2F/2F: thanks for the information! Do you suggest me getting some warmer lights then? if so, what are my options? I don't want to spend too much money, but my highest priority is still to get good shots of my paintings.

  5. #5

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    Quote Originally Posted by Rinthe View Post
    I was wondering if it's a good idea to use 2 florescent lights (instead of warm lights) at 45 degrees to light the oil painting? Does the color of the light make a difference besides the white balance?
    It depends on how accurate you want the color (and the relationships between the colors) to be. The print reflects back based on what color light impinges on it. It can't make light, so it can only reflect what's actually there.

    And all discharge lamps, be they fluorescent, LED, HMI, LPS, etc. all have a fairly spiky spectrum, as opposed to sunlight (or even tungsten lights). Fluorescents and LEDs in particular tend to have large green spikes.

    So yes, the "color of the light" does indeed make a difference besides the white balance. The "best" light for color critical applications is north facing sunlight on a cloudless day. Next best thing I've found is a 4700K Solux bulb. The next level down in light quality is a highly corrected (six or seven phosphor) fluorescent designed for photo or color reproduction work -- around 5000-5600K, and a CRI of 93+. If you are worried about getting the individual colors right, and the relationships between the colors right, I wouldn't go any lower than this.
    Bruce Watson
    AchromaticArts.com

  6. #6
    Rinthe's Avatar
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    Bruce Watson: thank you! I was looking at the solux website for bulbs. I wanted to get some Par20 bulbs at 4700K, but it looked like they only have 4700K with the MR16 mount? Which ones do you have?

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    I find oil and acrylic paintings the most challenging, compared with other artwork, because those with heavy texture often generate specular reflection to excess, often no matter how I position the lights. In theory this can be dealt with by placing polarizers over the lights and "tuning" the reflections with a polarizer on the camera. The problem there, working as a hobbyist/volunteer for my local art club, is the rather high cost of polarizing material -- too much investment for rare occasional use. That said, I use four softboxes with large CFLs at 5500ºK as daylight (though I admit less and less with film) generally by playing with the softbox positioning I'm able to get results suitable for putting on the web, but likely questionable for real reproduction work.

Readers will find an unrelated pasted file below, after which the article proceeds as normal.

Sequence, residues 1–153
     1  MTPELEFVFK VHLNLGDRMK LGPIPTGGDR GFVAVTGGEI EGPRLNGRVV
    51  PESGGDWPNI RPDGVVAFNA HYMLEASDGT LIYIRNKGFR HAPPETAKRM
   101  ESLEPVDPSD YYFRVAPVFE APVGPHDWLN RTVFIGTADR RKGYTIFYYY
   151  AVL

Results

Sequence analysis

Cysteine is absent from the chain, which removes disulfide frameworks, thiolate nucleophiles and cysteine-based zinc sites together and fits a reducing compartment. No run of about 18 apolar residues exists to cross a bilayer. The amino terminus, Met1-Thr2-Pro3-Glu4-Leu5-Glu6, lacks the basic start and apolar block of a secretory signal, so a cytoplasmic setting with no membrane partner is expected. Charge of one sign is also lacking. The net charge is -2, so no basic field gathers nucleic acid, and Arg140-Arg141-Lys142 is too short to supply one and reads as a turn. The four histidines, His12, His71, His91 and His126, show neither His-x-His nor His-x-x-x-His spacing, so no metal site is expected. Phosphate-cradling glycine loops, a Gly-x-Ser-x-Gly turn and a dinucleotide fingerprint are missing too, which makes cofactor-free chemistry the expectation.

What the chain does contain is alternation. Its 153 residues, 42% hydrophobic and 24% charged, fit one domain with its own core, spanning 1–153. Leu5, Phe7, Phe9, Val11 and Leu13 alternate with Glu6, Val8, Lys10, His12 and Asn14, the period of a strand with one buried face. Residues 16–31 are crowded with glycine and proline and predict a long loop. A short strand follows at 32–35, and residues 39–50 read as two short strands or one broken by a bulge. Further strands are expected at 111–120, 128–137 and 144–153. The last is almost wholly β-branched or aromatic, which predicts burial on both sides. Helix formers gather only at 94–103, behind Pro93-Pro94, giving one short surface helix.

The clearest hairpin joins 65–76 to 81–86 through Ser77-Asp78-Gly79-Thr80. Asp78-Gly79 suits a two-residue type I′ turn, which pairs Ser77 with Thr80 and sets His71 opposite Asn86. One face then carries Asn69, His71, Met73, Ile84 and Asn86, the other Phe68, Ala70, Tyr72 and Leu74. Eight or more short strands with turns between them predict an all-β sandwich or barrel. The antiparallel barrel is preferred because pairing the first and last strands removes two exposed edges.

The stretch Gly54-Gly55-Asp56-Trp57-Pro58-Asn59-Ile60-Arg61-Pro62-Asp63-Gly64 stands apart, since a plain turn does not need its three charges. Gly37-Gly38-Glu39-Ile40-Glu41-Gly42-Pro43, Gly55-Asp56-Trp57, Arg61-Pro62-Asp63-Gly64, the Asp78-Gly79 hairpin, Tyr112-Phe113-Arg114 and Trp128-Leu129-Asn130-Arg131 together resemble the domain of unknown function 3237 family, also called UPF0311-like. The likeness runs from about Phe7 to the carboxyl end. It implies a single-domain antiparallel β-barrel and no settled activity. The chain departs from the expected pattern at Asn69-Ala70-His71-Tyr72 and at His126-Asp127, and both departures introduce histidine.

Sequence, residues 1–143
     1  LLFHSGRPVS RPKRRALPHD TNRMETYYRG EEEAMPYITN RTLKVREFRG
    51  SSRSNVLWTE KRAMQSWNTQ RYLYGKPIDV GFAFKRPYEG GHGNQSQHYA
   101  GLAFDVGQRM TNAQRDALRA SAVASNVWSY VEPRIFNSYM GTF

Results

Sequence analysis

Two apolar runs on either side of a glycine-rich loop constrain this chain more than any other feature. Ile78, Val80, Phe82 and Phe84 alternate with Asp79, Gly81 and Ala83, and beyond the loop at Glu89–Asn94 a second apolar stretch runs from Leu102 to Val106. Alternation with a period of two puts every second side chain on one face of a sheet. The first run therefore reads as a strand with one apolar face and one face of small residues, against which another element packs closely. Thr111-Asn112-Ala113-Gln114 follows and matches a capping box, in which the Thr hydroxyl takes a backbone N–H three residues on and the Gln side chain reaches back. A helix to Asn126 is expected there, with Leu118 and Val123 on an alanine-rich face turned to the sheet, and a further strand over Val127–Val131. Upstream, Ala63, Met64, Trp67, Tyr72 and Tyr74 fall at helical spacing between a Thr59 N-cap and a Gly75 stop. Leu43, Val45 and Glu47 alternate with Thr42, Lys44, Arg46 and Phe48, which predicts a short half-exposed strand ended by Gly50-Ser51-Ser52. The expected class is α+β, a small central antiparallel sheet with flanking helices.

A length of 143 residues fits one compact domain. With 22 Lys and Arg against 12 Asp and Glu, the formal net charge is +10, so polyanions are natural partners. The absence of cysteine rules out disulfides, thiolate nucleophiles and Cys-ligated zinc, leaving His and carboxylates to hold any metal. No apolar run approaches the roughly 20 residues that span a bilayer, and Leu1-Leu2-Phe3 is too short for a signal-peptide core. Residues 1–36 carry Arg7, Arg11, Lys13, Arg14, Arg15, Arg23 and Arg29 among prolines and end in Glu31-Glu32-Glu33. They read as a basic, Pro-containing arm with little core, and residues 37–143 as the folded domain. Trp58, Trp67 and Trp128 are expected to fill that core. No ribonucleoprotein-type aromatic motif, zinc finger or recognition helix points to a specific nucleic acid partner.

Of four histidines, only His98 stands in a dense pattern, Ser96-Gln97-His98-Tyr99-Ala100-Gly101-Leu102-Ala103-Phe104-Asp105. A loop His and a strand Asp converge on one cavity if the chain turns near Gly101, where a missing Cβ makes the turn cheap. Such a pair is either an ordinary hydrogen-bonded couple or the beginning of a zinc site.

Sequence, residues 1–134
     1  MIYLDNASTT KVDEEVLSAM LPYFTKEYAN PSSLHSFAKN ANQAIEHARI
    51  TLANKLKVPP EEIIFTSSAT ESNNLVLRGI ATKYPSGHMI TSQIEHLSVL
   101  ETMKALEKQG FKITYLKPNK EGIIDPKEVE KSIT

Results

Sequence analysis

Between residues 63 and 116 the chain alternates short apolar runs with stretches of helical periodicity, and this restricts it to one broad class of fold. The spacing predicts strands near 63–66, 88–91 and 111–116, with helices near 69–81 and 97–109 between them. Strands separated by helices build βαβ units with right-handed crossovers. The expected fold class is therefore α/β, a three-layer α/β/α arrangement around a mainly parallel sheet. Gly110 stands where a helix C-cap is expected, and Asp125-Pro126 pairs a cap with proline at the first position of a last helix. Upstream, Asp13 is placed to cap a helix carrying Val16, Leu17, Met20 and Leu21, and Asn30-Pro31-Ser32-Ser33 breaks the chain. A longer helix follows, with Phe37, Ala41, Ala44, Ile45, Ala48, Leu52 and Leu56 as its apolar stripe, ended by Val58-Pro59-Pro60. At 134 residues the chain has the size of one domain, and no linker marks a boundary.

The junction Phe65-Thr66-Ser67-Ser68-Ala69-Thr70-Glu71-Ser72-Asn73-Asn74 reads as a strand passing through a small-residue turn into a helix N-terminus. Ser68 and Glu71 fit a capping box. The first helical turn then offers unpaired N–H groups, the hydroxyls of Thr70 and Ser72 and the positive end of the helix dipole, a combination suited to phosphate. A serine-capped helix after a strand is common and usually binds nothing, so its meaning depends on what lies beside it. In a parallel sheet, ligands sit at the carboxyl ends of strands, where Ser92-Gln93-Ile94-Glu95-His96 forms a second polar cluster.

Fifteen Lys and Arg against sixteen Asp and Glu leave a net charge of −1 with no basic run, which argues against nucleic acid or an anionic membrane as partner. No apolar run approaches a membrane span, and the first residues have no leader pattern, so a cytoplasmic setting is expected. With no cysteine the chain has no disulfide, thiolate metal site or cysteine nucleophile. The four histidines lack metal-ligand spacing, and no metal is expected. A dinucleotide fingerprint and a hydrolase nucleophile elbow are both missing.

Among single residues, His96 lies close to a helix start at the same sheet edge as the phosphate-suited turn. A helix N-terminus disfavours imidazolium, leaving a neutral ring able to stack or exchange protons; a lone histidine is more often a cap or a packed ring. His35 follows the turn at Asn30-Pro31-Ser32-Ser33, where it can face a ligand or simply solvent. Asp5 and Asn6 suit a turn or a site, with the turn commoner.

8. #8
    Mainecoonmaniac's Avatar
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    I agree. I used to shoot oil paintings for a local museum with a polarizing set up and some reflections were impossible to remove. Also, it increased the contrast of the shot. I used broad hot lights, two polarizing gels and the lens was polarized also. My film of choice for such work was Kodak EPN.

  9. #9
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    Quote Originally Posted by Rinthe View Post

    Jostie: according to the wiki. Incandescent/Halogen Light Bulb has the highest CRI? I guess my bulbs would fall into Halophosphate Cool White fluorescent which is at 64?
    we use 5000k lamps from either GTi or Normlicht which claim a CRI of over 95

  10. #10
    Rinthe's Avatar
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    anyone know what kind of base the Solux bulbs have? https://www.solux.net/cgi-bin/tlistore/soluxbulbs.html

    is it the GU5.3 base? anyone know a good place to get lamps that fit this type of bulb? clip-on preferably.